Walking through the chaotic and vibrant streets of downtown Rangoon, now called Yangon, it is easy to be whisked away by the romance of a bygone era where the city was a heartbeat of the British Empire. Many of the once stately red colonial brick facades that once housed the administrative power of British Burma are now cloaked in shades of green mold and ferns after generations of neglect.
Nearby to downtown, the decadent roman column strewn halls of the remains of the now-abandoned British Pegu Club are wrapped in cobwebs. The ballroom that once hosted British royalty is now locked away from visitors. Inside the empty corridors of the clubhouse and hotel, the ghosts of a glamorous past are seen in a marble spiral staircase, teak floors and old telephone outlets.
Throughout the city, buildings built over the past two centuries including dispensaries, movie theaters and government halls that made up old Rangoon are still as important to the 5 million inhabitants of the city as ever before, serving as makeshift homes for families and businesses.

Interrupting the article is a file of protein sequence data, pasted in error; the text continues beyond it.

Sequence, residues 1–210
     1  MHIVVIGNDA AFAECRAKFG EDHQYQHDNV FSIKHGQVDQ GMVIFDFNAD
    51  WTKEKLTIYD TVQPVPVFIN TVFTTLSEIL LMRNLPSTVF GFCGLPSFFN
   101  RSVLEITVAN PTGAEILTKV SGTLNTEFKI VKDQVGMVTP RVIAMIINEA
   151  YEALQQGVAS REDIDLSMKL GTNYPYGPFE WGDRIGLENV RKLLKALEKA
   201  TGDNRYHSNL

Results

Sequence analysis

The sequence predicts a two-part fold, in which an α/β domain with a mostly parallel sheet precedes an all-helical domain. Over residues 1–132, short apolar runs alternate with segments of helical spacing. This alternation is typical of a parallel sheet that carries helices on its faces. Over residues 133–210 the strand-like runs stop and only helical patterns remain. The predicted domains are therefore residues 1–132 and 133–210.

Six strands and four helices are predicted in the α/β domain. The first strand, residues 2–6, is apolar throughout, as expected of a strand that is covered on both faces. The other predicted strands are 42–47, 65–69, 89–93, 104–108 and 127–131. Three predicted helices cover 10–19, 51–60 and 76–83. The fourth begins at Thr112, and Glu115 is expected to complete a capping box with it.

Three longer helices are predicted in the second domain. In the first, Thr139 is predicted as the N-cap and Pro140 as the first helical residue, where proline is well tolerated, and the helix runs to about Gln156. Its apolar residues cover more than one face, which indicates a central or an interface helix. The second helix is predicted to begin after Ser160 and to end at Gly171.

A new book, Relics of Rangoon for the first time profiles through in-depth research and photography the inside and out of more than 200 of the city’s architectural gems.
The book will be the culmination of over two years of research with a team of more than eight researchers, over 8,000 photographs, hundreds of hours of interviews with custodians, trustees, government officials, custodians, architects and conservation experts, and documentation research in the Myanmar National Archives.
Relics of Rangoon has already received wide praise from historians and critics alike who hail the project not only for the plus 700 photographs within, but as a first time look into the history of some of the city’s most overlooked buildings.